Mathematics, Sustainability, and Global Learning

I honestly think certain issues are best understood through specific, smaller-scale examples.

For instance, there’s the broad issue of global warming and climate change and human use of fossil fuels and all the corresponding problems that arise as a result. Yet instead of trying to tackle the issue broadly, I think it best to start small and work your way up. Which is why my paper focused on the U.S. relationship with Saudi Arabia, a relationship centered almost entirely around 2 fundamental, core values: cheap oil and defensive guarantees.

For too long, in fact since the end of World War II, the United States of America has guaranteed Saudi national security and defense in exchange for a reliable supply of cheap oil supplies. We have overlooked Saudi offenses and atrocities time and time again, to the detriment of our own values and the sacrifice of American lives.

The issue, of course, is U.S. reliance on Saudi oil supplies. On a daily basis, Saudi oil supplies represent roughly 5% of U.S. oil consumption (U.S.E.I.A.).  Obviously, this dependence results in an unwillingness to abandon Saudi Arabia’s record of abuse in favor of what we believe.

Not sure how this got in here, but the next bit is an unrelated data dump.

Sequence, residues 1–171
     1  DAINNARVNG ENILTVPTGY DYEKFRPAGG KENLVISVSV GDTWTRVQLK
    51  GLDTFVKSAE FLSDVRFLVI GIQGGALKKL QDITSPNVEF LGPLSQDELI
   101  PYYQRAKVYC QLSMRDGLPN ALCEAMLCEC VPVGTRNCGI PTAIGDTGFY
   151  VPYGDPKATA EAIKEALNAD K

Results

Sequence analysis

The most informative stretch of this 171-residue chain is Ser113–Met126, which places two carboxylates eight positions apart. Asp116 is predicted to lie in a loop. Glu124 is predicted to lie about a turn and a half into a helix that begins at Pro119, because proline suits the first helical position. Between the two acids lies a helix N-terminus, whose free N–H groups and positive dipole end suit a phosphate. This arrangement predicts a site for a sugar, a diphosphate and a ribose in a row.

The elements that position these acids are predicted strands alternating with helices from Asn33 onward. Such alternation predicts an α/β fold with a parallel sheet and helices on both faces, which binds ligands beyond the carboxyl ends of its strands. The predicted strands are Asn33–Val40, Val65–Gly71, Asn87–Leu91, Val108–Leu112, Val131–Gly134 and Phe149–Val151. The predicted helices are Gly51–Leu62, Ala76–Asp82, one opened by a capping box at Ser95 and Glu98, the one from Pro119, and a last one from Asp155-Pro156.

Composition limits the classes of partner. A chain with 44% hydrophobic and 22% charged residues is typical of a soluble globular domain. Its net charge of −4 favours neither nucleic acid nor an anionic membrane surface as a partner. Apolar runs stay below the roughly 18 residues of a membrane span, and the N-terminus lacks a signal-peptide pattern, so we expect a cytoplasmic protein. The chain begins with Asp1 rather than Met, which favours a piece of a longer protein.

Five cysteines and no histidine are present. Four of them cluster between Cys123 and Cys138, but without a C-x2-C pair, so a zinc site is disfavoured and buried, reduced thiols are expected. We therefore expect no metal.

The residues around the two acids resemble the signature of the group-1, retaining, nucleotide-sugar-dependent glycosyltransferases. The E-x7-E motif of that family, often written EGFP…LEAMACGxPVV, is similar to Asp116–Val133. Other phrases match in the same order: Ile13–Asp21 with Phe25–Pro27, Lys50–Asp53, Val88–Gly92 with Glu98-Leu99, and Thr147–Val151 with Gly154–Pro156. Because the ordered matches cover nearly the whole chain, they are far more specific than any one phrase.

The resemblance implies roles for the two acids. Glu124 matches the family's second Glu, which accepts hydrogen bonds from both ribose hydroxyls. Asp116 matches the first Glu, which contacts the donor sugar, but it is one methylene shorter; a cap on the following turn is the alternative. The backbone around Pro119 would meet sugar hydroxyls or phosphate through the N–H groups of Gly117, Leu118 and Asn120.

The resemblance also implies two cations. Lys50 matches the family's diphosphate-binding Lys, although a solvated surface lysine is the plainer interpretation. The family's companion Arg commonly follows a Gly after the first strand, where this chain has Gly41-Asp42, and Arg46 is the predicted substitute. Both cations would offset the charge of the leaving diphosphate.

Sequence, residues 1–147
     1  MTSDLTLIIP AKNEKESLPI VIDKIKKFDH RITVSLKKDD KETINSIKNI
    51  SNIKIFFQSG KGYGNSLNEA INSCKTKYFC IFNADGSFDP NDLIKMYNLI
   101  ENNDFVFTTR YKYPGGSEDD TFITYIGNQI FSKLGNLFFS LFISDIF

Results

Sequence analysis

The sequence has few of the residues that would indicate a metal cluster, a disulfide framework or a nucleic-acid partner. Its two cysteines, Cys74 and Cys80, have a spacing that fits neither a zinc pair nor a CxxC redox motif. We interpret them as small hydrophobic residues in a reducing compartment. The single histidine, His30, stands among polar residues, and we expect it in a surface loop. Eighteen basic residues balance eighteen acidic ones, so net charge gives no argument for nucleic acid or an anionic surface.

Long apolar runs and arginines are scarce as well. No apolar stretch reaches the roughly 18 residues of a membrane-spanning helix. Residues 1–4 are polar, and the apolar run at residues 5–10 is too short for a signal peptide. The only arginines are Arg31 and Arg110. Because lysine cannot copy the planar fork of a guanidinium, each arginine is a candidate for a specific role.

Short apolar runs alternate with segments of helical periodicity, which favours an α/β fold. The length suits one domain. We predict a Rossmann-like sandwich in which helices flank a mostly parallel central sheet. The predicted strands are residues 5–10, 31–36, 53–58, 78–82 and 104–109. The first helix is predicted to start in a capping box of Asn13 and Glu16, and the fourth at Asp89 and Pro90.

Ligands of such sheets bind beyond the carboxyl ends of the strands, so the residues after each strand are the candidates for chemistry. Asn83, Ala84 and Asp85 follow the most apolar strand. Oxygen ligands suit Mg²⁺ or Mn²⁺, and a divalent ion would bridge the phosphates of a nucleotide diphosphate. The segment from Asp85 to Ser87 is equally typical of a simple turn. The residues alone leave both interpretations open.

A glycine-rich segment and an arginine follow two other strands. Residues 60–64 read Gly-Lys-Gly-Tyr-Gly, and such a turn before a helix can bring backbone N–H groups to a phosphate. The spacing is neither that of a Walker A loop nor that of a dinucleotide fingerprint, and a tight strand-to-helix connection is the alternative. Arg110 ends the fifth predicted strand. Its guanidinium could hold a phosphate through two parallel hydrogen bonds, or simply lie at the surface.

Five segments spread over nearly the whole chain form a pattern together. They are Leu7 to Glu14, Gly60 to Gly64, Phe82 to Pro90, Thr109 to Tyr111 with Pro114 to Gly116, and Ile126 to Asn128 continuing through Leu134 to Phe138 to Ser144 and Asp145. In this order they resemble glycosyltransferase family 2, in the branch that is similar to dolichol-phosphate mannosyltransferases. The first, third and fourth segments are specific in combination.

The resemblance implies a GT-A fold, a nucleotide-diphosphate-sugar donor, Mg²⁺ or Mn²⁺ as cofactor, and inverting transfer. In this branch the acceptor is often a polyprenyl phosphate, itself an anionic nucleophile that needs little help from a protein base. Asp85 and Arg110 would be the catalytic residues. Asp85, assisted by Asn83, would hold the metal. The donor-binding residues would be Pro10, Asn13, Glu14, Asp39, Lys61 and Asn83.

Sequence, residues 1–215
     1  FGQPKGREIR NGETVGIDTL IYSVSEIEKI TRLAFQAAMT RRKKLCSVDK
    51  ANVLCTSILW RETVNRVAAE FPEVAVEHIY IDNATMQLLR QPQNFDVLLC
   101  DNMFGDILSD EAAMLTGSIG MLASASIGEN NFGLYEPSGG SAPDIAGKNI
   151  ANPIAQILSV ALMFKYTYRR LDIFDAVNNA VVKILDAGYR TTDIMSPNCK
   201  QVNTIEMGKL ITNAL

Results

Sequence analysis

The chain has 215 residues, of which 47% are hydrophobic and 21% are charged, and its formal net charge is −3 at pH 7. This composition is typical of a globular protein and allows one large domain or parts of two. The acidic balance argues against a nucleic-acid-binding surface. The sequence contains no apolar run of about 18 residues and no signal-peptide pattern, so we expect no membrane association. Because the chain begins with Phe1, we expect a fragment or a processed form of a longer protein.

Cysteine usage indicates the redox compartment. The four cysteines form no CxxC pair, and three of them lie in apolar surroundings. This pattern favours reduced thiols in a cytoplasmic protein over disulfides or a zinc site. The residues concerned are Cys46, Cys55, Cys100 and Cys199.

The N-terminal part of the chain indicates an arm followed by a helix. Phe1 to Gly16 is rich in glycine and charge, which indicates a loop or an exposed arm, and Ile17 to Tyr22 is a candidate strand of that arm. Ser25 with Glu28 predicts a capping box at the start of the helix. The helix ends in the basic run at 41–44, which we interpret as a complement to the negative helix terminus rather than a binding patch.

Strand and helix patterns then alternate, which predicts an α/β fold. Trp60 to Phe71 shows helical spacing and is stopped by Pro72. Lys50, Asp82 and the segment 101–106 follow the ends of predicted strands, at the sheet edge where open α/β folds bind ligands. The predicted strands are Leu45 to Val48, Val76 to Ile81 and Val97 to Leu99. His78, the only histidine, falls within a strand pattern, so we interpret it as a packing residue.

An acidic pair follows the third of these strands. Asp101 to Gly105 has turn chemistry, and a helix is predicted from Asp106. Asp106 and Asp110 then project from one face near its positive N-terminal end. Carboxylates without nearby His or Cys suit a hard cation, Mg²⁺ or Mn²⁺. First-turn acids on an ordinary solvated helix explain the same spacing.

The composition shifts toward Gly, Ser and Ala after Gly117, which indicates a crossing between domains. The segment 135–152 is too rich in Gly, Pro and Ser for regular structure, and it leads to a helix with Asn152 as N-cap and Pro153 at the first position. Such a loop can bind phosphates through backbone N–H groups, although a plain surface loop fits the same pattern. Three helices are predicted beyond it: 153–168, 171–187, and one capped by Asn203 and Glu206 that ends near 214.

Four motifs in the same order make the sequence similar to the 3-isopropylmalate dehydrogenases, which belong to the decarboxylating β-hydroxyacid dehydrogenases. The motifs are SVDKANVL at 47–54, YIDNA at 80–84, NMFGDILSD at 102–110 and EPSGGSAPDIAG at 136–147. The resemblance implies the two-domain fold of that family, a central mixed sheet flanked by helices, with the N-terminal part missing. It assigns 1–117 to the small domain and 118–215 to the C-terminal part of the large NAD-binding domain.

As a result, we sacrifice our own values as well as the present and future of our environment in order to maintain the status quo. Clearly, this trade-off is unsustainable to say the least. It requires necessary and immediate change, in both U.S. energy and foreign policy.

Shouldn’t we all be Swell?

Within the past decade at Union College, students and faculty have been working extremely hard to decrease the fossil fuel and carbon footprint of the school. This has been a beneficial contributes to the school because now we have more recycle bins around the school and distributed toilets where we can choose the “type of flush” that we want. For this proposal, I propose that every incoming freshmen will get a free aluminum – swell type water bottle. Every year, 17 billion barrels are used to create at least 50 billion disposable water bottles in America alone. Also, reusable bottles such as the well can save an American about 200$ per year. Plastic bottles have also been linked to contain BPA (which is a plastic linked to cancer). So why not, where we can decrease our own risks and the rest of our student body’s risk? Furthermore, this being said, investing in the metal water bottles is very costly, but as a school that has a student body dominated by athletes, this would be a great investment to decrease out plastics purchase and increase our reusable bottle community. Although we are a small population, if all colleges and universities take part in this, the rate of oil required for plastics can decrease significantly.